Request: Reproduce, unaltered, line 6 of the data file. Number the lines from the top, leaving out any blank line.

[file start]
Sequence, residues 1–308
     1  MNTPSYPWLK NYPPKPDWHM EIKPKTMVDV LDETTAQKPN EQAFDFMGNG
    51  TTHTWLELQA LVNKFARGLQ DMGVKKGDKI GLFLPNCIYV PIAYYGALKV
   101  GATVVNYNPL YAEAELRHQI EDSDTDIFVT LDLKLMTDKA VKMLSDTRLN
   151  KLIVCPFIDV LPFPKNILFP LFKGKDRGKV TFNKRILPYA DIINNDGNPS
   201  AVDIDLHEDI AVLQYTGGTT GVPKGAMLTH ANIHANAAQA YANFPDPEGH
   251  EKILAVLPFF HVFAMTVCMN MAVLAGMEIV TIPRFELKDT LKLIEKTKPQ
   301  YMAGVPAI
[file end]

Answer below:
   201  AVDIDLHEDI AVLQYTGGTT GVPKGAMLTH ANIHANAAQA YANFPDPEGH